The U.S. as One of the Developed World’s Lowest-Cost Manufacturers

The U.S. as One of the Developed World’s Lowest-Cost Manufacturers

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The U.S. as One of the Developed World’s Lowest-Cost Manufacturers

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  • The Pendulum Swings Back

    For much of the past four decades, manufacturing work has been migrating from the world’s high-cost to its low-cost economies. Generally, this has meant a transfer of factory jobs of all kinds from the U.S. to abroad.

    The pendulum finally is starting to swing back—and in the years ahead, it could be America’s turn to be on the receiving end of production shifts in many industries. In previous reports, we cited a number of examples of companies that have shifted production to the U.S. from China and other low-cost nations. These companies range from big multinationals like Ford and NCR to smaller U.S. makers of everything from kitchenware and plastic coolers to headphones. More recently, computer giant Lenovo opened a plant to assemble Think-brand laptops, notebooks, and tablets in North Carolina. Toshiba Industrial has moved production of its hybrid-electric vehicle motors from Japan to Houston. Airbus has broken ground on a $600 million assembly line in Mobile, Alabama, for its A320 family of jetliners; the facility will create up to 1,000 high-skilled jobs. Flextronics, one of the world’s largest electronics-manufacturing-services companies, has announced that it will invest $32 million in a product innovation center in Silicon Valley. The company’s CEO was quoted in the Wall Street Journal as saying that Flextronics may need to add 1 million square feet of manufacturing capacity in the U.S. over the next five years, depending on economic conditions.

    There also is early evidence that foreign manufacturers are starting to move production to or expand production capacity in the U.S. for export around the world.

    • Toyota has announced that it is exporting Camry sedans assembled in Kentucky and Sienna minivans made in Indiana to South Korea. The company has also suggested that it may ship U.S.-made cars to China and Russia. In press reports, the president of Toyota Motor North America was quoted as saying, “This is just the beginning of a new era of North America being a source of supply to many other parts of the world.”

    • Honda is adding shifts at its plants in Indiana and Ohio to increase exports. The company has said it expects to double its exports of U.S.-made vehicles in the next few years.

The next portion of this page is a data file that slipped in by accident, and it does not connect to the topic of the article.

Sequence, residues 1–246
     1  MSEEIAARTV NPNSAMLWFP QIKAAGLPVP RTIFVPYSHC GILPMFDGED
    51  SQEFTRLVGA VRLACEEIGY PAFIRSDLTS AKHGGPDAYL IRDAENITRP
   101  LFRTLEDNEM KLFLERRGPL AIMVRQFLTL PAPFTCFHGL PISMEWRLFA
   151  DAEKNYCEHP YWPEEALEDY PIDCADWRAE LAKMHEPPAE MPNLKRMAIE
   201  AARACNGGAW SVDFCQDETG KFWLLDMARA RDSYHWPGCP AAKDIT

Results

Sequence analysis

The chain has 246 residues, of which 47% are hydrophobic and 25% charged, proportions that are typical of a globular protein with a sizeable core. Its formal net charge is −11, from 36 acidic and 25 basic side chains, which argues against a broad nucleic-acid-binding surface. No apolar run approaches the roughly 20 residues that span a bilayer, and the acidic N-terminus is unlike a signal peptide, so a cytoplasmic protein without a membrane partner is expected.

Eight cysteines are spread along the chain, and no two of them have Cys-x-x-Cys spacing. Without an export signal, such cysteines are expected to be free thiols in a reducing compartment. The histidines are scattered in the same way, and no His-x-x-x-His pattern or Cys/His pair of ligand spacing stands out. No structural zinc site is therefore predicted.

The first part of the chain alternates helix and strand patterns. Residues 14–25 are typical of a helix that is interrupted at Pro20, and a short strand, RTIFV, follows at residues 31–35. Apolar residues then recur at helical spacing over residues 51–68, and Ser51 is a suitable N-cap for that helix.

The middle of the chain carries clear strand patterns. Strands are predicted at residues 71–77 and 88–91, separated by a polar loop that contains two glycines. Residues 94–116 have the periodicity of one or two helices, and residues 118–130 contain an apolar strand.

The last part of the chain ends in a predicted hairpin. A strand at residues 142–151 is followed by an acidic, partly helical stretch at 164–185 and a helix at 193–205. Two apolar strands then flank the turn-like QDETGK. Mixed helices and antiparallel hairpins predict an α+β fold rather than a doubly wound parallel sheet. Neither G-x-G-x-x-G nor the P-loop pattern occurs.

• Siemens announced it will build gas turbines in North Carolina that will be used to construct a large power plant in Saudi Arabia.

    • Yamaha has transferred production of all-terrain vehicles from overseas facilities to Newman, Georgia, where it directly employs 1,250 factory workers. Yamaha has also opened a second assembly plant in Newman to produce future Side-by-Side products, including a three-person vehicle called the Viking, for worldwide distribution. Yamaha says it could add another 300 jobs in Georgia over the next three to five years.

    • In 2011, Rolls-Royce began making engine discs for aircraft at Crosspointe, a world-class manufacturing facility in Prince George County, Virginia. The company said that some parts made in Virginia would be shipped to Europe and Asia to be assembled in jet engine factories. In coming years, Rolls-Royce plans to invest over $500 million in Crosspointe, generating more than 600 jobs, to serve the global economy.

    • Michelin of France announced that it will invest $750 million to build a new factory and expand another one in South Carolina to make large tires for earth movers used in the mining and construction industries. The Financial Times reported that at least 80 percent of the additional output will be exported.

    While the impact of this trend on U.S. jobs is currently modest, we expect a significant increase in such announcements starting around 2015, as the economic case for reshoring to the U.S. grows stronger—and as companies adjust their global manufacturing footprints accordingly.